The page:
Samantha Callaghan, Metadata Analyst, King’s Digital Laboratory
Early Modern Collection Catalogues: Open Questions, Digital Approaches, Future Directions was a workshop held at the British Museum, 15-16 February 2018, and intended to outline and discuss some of the issues that the Enlightenment Architectures: Sir Hans Sloane’s Catalogues of his Collection research team had encountered during their work. To that end, the team invited an international selection of experienced people working with similar types of digital projects or projects in the same time period to respond to the team’s presentations. Many respondees also had the opportunity to present on their own projects/approaches.
It was a congenial two days to meet and discuss, sometimes with much fervour, issues that are common across much of the work undertaken in digital spaces of the Enlightenment period. Below is a mix of reportage on particular sessions, reflections on how the work of the Georgian Papers Programme (GPP) complements or diverges from some standpoints taken by speakers, as well as a broader reflection on the greater digital project landscape in which the GPP sits. Some recurring themes from the workshop included: gaps within the Linked Open Data network for Eighteenth century projects, audiences and models, and workflows.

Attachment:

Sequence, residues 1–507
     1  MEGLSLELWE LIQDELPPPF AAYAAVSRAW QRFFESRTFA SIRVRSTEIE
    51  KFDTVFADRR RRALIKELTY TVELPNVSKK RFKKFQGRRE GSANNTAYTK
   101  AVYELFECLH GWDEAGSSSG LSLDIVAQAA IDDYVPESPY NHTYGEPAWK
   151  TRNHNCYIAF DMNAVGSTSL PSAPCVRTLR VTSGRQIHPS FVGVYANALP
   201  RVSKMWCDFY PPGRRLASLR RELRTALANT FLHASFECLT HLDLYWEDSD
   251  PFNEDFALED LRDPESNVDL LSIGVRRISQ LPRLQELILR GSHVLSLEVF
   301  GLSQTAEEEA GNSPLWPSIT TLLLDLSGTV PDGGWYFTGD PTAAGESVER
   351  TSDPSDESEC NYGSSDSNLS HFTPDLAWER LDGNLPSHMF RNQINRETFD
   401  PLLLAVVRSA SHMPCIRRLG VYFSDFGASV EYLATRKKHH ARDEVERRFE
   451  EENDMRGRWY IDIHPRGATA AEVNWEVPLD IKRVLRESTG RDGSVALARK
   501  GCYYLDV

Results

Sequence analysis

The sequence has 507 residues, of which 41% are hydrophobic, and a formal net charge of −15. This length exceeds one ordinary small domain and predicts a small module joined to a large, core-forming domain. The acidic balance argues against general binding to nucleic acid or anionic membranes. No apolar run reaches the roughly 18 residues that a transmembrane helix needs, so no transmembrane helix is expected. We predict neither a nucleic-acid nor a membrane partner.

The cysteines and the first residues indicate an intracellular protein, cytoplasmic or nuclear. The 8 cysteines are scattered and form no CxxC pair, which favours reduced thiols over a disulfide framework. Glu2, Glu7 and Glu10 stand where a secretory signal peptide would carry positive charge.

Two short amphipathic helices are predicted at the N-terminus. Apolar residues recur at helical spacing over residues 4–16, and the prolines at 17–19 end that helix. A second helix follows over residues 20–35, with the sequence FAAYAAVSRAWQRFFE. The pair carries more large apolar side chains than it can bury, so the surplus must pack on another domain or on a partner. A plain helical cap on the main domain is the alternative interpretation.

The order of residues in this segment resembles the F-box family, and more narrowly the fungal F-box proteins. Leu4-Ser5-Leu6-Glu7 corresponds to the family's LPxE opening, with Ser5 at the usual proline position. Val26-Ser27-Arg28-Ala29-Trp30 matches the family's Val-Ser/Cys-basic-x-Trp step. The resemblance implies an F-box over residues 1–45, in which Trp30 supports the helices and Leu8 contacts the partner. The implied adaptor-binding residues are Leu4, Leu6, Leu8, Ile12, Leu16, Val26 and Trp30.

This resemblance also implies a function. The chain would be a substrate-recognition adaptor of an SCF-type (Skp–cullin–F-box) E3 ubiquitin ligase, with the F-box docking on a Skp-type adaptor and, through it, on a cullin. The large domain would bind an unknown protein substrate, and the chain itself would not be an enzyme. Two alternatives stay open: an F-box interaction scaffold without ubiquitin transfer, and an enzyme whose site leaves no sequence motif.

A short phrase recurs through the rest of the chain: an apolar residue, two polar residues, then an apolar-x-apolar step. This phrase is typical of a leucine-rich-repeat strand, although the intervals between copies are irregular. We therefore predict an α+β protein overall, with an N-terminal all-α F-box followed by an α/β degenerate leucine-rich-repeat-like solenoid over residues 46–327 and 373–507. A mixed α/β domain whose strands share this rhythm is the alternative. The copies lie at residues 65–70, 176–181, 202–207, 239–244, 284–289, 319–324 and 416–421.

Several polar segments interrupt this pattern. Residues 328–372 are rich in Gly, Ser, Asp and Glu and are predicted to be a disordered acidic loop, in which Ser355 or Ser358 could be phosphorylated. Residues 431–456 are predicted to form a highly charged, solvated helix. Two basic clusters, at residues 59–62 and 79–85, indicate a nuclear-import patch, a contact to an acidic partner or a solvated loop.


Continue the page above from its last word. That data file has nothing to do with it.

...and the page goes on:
Dr Jane Mycock explores the significance of Lady Augusta Murray’s commonplace books, one of the new tranche of Georgian papers released to the public in February 2018. Augusta married Prince Augustus Frederick, George III’s sixth son, in 1793 in defiance of the Royal Marriage Act of 1772 which required that the monarch agree to all such royal marriages. Mycock shows how her troubled family life is reflected in her commonplacing practices.
We are delighted to announce that you can now watch a video-recording of the richly-illustrated event on ‘Mapping the Georgian World – Maps and Power in the reign of George III’ which was delivered to an enthusiastic audience at the 2017 Arts and Humanities Festival at King’s College London on 9 October 2017. The main speakers are Peter Barber and Max Edelson. We are very grateful to the Arts and Humanities Research Institute at King’s College London for making this available, James Howard in King’s AV and to Professor Edelson for his help in synchonizing his presentation with the recording. To watch the recording, click here.